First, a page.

Stick with Windows 7 till you can't then hopefully Windows 10 will be stable and feature complete. :)

    Yeah, I got that, and found a number of extensions or hacks that restore the Versions tab, but none seem feature complete - the value added from ongoing integration isn't there, it's a limited non-integrated File Explorer requiring use of the included Windows 7 backup tool.

    There's likely a way to work out a work-flow that approximates what Windows 7 had, but not the same ease of use.

    As you said File History seems to be the new way in Windows 10:
    https://www.google.com/search?num=5...Df&q=how+to+enable+Versions+tab+in+windows+10

    Hmm, more to try?
    https://social.technet.microsoft.co...working-in-windows-10?forum=win10itprogeneral

    "The Volume Shadow Copy service and the System Restore snapshots feature are alive and well in Windows 10. The part that's missing is the GUI that allows you to selectively do a restore on an individual file/folder. I understand (but have not verified) that only the Enterprise SKUs get this feature in the GUI.

    So, that means your files are protected, but the only way to retrieve them is to do a complete restore from a previous Restore Point. That might be problematic, since it will replace everything that you've done on the PC since that time.

    However, there are several free 3rd-party applications that will allow you to do a "selective restore" of files/folders. Personally, I've been using Shadow Copy View"

    "This totally saved me, Windows 10 64-bit Home edition - no 'Previous Versions' showing - but Shadow Copy View was able to get them back - thankyou!"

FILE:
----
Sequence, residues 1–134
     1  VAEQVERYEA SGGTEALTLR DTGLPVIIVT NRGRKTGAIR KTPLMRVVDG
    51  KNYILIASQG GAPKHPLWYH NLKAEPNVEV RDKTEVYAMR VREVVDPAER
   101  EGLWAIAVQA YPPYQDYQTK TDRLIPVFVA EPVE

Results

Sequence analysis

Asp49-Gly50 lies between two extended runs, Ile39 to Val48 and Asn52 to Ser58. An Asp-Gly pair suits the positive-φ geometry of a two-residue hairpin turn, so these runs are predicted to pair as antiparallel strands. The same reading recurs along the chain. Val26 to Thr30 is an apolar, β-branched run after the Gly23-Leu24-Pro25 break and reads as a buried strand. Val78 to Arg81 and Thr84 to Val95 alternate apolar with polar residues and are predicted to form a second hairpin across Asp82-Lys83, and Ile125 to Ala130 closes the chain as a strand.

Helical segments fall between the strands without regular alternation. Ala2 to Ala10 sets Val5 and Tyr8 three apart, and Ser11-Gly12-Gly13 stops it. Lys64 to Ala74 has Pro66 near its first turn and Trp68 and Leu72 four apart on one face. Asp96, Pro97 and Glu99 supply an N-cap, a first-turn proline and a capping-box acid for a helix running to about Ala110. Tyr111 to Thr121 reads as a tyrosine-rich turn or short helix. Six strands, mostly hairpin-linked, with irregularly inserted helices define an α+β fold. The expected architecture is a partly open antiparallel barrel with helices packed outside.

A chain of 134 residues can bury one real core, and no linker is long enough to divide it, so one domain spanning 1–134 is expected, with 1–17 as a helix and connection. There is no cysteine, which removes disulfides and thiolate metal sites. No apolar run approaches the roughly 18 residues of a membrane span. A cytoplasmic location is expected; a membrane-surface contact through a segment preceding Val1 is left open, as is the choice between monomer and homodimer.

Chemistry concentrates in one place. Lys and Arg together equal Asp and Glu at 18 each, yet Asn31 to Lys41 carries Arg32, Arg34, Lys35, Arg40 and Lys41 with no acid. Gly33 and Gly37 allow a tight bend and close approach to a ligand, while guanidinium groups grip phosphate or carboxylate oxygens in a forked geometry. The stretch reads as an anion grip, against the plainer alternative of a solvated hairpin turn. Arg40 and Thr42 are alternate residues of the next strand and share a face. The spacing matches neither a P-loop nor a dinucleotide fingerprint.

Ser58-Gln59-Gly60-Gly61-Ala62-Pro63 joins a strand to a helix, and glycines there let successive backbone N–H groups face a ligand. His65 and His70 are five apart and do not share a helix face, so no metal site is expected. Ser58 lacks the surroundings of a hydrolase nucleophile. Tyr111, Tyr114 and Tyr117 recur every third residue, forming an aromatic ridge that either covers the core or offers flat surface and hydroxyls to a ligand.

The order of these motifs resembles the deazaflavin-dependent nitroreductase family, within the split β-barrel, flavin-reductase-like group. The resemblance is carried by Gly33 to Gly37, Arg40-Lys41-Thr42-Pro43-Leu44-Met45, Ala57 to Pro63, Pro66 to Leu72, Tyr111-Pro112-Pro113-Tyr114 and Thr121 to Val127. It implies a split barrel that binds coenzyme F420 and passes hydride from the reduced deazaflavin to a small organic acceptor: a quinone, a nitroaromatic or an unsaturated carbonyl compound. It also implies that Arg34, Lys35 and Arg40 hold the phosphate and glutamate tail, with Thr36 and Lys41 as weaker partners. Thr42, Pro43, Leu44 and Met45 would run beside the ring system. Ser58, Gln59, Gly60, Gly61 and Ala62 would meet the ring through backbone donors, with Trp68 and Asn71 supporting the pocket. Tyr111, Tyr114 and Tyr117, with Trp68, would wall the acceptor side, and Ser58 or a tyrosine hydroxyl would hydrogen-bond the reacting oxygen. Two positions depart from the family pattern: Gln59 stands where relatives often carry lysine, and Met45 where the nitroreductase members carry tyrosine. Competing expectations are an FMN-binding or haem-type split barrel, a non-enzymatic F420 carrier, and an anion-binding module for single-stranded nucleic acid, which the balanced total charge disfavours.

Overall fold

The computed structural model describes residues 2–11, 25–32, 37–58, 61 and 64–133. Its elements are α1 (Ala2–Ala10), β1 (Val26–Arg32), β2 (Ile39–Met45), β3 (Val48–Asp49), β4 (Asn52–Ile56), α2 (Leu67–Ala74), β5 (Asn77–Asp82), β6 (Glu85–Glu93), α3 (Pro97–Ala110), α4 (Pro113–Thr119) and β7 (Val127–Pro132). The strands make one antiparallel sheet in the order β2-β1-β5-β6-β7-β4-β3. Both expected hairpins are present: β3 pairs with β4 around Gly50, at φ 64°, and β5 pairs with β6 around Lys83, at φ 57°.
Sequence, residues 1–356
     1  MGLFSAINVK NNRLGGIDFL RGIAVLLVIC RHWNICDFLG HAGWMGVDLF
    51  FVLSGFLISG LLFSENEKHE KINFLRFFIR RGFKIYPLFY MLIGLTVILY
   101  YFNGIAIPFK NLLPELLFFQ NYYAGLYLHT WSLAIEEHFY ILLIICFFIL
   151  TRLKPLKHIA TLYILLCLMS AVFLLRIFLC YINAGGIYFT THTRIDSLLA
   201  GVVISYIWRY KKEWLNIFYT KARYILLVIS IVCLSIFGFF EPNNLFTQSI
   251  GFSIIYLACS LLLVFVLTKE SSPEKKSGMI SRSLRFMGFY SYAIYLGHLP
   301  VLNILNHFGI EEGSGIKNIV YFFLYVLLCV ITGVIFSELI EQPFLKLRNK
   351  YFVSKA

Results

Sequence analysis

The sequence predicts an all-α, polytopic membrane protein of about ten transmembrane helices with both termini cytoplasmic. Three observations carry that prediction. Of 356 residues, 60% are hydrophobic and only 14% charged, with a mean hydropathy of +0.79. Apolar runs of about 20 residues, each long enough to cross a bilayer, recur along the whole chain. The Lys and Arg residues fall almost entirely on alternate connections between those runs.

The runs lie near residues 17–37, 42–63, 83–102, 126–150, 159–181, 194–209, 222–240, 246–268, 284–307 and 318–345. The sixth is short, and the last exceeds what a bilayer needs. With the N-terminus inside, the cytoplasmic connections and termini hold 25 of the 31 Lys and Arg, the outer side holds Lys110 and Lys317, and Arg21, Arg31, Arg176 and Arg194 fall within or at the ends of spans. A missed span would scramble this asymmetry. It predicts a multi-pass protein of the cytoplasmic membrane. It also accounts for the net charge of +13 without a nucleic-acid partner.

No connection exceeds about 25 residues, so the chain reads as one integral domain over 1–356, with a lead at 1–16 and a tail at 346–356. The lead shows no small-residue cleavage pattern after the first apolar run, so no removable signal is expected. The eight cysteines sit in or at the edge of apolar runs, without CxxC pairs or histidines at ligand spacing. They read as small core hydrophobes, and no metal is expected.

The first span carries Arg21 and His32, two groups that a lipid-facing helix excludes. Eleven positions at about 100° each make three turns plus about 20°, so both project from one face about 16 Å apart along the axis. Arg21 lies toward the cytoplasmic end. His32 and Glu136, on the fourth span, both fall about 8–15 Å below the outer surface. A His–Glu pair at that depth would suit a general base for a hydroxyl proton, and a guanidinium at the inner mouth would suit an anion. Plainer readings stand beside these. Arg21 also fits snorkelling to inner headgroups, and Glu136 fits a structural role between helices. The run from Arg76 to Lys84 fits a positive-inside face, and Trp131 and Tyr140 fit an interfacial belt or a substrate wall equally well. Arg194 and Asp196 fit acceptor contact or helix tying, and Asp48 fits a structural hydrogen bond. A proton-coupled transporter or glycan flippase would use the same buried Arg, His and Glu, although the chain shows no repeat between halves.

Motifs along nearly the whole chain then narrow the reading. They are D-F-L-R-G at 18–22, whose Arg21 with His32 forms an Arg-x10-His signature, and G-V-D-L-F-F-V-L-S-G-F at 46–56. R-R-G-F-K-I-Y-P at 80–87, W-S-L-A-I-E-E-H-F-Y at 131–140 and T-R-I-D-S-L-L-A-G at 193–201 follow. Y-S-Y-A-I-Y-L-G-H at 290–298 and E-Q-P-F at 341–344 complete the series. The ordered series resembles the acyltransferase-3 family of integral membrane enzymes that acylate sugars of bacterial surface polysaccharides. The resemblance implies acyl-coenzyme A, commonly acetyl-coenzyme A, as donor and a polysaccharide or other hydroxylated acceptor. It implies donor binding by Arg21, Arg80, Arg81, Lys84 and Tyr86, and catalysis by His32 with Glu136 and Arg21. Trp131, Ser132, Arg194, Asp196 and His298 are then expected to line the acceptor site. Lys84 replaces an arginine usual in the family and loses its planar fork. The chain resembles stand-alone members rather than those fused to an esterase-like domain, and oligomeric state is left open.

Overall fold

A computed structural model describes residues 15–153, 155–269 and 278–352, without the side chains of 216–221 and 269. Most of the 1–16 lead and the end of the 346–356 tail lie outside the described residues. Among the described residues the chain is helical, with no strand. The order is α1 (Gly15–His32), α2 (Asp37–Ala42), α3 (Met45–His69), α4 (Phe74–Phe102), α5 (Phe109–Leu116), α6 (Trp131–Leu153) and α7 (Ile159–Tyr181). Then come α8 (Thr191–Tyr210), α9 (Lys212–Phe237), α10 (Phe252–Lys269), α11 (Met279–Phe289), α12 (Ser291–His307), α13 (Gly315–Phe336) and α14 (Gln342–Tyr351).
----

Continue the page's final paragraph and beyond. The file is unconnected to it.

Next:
9. Pirx

    Pirx Notebook Virtuoso

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    Heheh, I'm not sure how old you are, but there's an excellent chance I've been using Linux at a time when you were still in diapers. Just kidding...

    Seriously, though, when I started with Linux the "distribution" to get was Yggdrasil, and in those days you'd custom-compile a kernel for your machine. Then you'd go on to modify the X server to your liking to get your serial-port mouse to behave the way you wanted it, and on and on... No package management system either in those days; all you had was tar-balls, and RTFM, of course. I used zsh as my standard command processor, and I have also contributed to kernel development for Redhat and got some of their IPO stock at the time.

    By the year 2k I decided that I've had spent enough time fiddling with OS internals, X servers and window managers, and switched to Win2k. So, long story short, I have probably forgotten more about managing Linux systems than you'll ever know. And, no, that's not meant as a slight, and I'm really not proud of the tons of time I wasted learning the arcana of what was supposed to be nothing but a tool for my work. Looking at where modern Linux distros are now, I am quite hesitant to go back there. In particular at the point in life and career where I am now, there is no way for me to justify sinking any significant amount of time fiddling with an operating system.

    I think this is great advice. Perhaps I should really just sit back and wait another two years or so, and see what shakes out. Thanks!
     
  10. hmscott

    hmscott Notebook Nobel Laureate

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    1976 6th Edition - v6 UNSW + early Berkeley + PWB... diapers were well before that for me o_O
    NP, I've been happy to help people to "Avoid the Noid", when it comes to Windows :)

    I had a long history of UNIX / BSD / ATT / 68k / x86 / RISC public domain open source support, but then work and family took my time, and the community wasn't as friendly or rewarding as it once was when I checked back in to it. Maybe it's time for me to dip my toes in again...

    There are good things happening with Linux on many fronts, it could be that with the help of VM's for legacy support for games / apps under Windows getting more reliable and easy to implement there just might be a future for Linux replacing Windows.

    Forever Open Source hopeful ;)